This may well be a car that you buy for the engine, and nothing else. And for good reason. The Formula 1-inspired, naturally aspirated, 5.0-litre V10 makes an enormous 500bhp at a euphoric 7750rpm – a rev figure that might sound more likely for 1990s Honda Type R screamer than an 1830kg executive saloon (and indeed one that is often found in black, looking more like a bank manager’s 520d than a supercar-scaring monster).
The BMW M5 is not a car you buy because of its ability to get to 62mph in 4.1sec, a frankly ridiculous figure for the time, but because of how it gets there. The intoxicating noise will encourage a heavy right foot – luckily, the trip computer won’t read below 7mpg, so you never quite know the true damage you’re doing (but it’s far too easy to see single figures) – and a delve into the iDrive system to find a route with more tunnels.
The earliest cars are 2005, and at £61,750 17 years ago, they came with almost all the bells and whistles possible: 19in alloy wheels (you can get those on a Volkswagen Golf these days), head-up display and sat-nav, 11 shift modes for the SMG gearbox, and even launch control.
In 2007, the M5 was facelifted (or LCI in BMW speak, meaning ‘life cycle impulse’) and the easiest way to tell is the LED running and tail-lights. (Be aware that some early cars will have them fitted retrospectively.) These are probably the ones you want, thanks to the uprated gearbox with upgraded pumps and hardware. Also note that the facelift was released in batches, so there could very well be pre-facelift cars registered late into 2007.
Alternatively, the easiest way to tell if the one you’re looking at is a facelift car could be to look at the boot: in 2007, BMW released the E61- generation Touring and all of these estates are facelift cars.
If you’re planning to buy an M5 as a comfortable cruiser, and the fuel consumption, 200-mile range and reliability scares haven’t put you off yet, be aware that the M5 went without the adaptive cruise control, lane departure warning and automatic emergency braking of the standard 5 Series. Presumably, this was to maximise air intake, which the sensors would have inhibited… especially at the 205mph derestricted top speed.
Even on updated cars, the SMG gearbox isn’t the smoothest or most durable. To preserve the clutch’s life, as well as to improve shift times and jerkiness, lift off the throttle slightly when changing gear.
Otherwise, the E60 M5 should be a treat to drive – it is a BMW after all – and you can enjoy the still rather state-of-the-art engine and full stainless steel exhaust between fill-ups, and even the gimmick of switching to P500S mode, which unleashes all 500bhp, instead of the ‘standard’ 400. When filling up, admire the Chris Bangle-designed lines, which to many eyes have aged well and still help the M5 look modern today – to match its modern performance.
What we said then
14th September 2004: “We could dedicate two issues of this magazine just to the engine spec of this car. It’s a powertrain engineer’s dream, one of the finest road car engines yet built.”
An owner's view
John Simmons: “I love these cars and especially that glorious, high-revving engine, which really comes to life above 5000rpm. Modding the exhaust only makes it sound better, in my opinion. True, the launch control’s a bit useless but everything else is so much fun I can forgive it. Check the history carefully because any repairs will cost you a fortune, especially involving the big-end bearings. Oh, and you’re looking at 17mpg tops.”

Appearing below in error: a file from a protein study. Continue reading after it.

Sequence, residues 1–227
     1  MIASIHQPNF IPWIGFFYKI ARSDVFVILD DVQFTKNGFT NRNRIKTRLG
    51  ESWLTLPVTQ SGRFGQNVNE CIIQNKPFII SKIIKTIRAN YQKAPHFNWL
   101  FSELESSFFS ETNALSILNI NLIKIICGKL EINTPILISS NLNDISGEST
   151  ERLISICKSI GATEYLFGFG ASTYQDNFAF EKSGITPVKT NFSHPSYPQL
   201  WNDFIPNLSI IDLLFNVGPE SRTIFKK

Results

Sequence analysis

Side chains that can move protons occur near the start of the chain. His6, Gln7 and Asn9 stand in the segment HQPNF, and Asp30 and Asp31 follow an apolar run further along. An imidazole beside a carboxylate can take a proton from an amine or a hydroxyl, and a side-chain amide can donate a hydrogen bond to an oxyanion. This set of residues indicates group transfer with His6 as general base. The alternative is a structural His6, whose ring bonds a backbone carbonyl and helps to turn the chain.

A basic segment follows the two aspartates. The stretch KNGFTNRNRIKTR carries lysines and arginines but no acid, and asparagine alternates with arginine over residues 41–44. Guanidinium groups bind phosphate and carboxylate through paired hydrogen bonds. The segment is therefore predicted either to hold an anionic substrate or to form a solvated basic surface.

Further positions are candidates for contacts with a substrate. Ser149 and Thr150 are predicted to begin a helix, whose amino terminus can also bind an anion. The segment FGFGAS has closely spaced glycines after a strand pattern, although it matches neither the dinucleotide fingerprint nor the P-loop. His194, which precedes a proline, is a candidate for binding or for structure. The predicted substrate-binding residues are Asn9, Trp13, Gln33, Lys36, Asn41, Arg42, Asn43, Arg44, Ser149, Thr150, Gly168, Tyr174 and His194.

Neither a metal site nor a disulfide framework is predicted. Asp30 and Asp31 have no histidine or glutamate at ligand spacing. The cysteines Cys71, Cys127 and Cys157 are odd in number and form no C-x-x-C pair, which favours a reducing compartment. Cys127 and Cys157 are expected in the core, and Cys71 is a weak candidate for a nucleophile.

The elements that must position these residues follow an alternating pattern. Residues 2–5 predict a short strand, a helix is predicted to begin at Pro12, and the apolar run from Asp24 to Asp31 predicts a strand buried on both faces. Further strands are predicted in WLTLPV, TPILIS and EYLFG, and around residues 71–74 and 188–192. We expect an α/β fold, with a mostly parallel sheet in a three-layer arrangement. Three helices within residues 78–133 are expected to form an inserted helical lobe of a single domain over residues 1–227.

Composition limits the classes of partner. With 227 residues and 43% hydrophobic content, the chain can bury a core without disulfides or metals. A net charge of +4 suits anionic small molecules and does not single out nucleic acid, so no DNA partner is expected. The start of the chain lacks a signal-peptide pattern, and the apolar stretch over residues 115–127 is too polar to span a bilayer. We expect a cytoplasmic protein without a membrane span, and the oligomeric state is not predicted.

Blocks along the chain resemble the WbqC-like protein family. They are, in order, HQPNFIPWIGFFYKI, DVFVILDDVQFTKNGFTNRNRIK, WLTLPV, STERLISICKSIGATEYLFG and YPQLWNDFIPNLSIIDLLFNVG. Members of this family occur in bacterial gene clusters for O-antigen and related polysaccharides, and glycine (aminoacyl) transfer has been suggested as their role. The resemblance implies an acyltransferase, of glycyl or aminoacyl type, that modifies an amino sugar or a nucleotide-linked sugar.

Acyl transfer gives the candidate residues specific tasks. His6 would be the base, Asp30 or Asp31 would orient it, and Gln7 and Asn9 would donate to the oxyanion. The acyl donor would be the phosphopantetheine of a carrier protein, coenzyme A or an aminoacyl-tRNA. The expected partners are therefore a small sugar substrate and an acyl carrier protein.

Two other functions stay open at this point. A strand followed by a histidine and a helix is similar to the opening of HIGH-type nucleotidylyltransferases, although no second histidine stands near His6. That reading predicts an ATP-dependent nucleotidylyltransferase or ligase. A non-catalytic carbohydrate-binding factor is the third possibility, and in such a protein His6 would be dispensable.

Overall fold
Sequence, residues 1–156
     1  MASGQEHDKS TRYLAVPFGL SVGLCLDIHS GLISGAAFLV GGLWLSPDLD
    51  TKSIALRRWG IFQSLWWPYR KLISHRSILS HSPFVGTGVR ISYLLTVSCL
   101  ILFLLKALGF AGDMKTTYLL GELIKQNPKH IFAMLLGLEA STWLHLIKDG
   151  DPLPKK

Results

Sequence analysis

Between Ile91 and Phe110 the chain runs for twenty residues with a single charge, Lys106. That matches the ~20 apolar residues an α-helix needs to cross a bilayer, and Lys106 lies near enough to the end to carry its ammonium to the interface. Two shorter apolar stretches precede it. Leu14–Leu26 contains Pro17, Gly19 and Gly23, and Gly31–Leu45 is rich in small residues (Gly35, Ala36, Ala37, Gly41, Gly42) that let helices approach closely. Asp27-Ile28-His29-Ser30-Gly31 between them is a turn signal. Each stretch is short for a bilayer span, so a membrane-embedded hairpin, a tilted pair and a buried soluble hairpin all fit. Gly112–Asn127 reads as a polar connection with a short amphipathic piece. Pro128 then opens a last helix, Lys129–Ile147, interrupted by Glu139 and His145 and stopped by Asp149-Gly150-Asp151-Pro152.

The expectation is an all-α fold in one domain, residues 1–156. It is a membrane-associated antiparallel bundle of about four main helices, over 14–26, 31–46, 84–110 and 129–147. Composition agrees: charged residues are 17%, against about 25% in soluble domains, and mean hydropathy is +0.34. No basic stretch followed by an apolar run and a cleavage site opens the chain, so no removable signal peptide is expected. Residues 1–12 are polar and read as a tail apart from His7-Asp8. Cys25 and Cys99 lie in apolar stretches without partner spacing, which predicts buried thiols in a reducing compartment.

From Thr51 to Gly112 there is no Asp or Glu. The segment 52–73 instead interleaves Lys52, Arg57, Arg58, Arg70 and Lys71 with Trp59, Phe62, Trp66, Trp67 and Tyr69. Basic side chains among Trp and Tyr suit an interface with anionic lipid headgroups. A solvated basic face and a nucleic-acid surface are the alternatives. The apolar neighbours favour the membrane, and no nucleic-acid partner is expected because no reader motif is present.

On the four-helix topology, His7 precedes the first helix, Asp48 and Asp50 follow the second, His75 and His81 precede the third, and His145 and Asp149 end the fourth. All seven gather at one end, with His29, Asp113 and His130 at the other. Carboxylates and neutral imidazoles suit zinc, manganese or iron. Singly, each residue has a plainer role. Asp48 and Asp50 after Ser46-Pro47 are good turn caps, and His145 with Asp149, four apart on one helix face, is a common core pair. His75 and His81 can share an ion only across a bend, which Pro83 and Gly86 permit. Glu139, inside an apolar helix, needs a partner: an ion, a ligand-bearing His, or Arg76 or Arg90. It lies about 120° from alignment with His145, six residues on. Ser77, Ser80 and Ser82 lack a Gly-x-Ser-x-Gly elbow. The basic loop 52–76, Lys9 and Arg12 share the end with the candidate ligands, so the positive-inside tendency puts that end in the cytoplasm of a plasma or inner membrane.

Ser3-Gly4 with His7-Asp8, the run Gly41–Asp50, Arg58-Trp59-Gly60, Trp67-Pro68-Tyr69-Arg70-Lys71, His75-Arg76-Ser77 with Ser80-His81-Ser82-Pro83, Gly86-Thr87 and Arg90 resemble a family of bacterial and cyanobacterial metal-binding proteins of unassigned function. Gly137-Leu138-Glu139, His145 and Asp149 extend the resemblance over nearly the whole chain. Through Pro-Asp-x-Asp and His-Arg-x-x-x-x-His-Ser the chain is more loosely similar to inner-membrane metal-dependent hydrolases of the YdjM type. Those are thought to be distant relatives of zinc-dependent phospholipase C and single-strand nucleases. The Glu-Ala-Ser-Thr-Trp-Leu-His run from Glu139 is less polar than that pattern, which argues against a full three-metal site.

Engine: Conrod bearings (probably the main cause of the M5’s reputation for unreliability) can give trouble if oil changes are skimped. Check for a Vanos warning light: it could be an oil pressure issue involving the sump-to-head hose or the Vanos pump (£1600) rather than the Vanos unit. Question the owner about the oil that has been used: it should be Castrol Edge 10W60 only. Expect oil consumption of around one litre per 1000 miles. Check if the expensive main service is due and negotiate if so. Throttle actuators can play up.
Gearbox: Even on updated cars, the clutch will need replacing after 50,000 miles (potentially £3000 or more). All will be jerky in town, but it should smooth out at higher speeds. If the seller won’t let you put it in P500S mode, they could be hiding a brutalised clutch. Some cars have had manual swaps, so check where the gearbox has come from, and who has fitted it.
Rear differential: It’s naturally noisy at low speeds and when manoeuvring, but excessive whining, clunking and grinding could signal a replacement is needed imminently. If it is leaking, it could be the seals, potentially just a £30 job.
Brakes: Discs are a big cost (potentially £1800 for a set) and could need doing every 30,000 miles. Check for a lip around the edge, or wheel wobble under long, hard braking, both telltale signs they’re worn and need replacing. Steering and suspension: Generally tough but feel for steering column vibration or knocking, which points to worn control arms. The optional EDC suspension should be reliable, but a damper is £600 if it goes wrong.
iDrive: If the system freezes on the BMW logo start-up page, suspect the hard drive. Budget £700 for an exchange system or get the ECU and computers updated with the latest software.
How much to spend
£15,000-£16,999: Pre-facelift, high-mileage cars (some in excess of 100,000) that’ll probably need bits doing on them soon.
£17,000-£19,999: Where most still sit. So a selection of years, still with higher mileage (70,000-plus), many with full service history and the major jobs done.
£20,000-£29,999: Later cars, and even some Tourings. Circa 50,000 miles, a full BMW or M specialist service history, and a low number of owners.
£30,000 and above: Many ‘as new’ saloons with low mileage and sometimes one owner, and a greater selection of Tourings.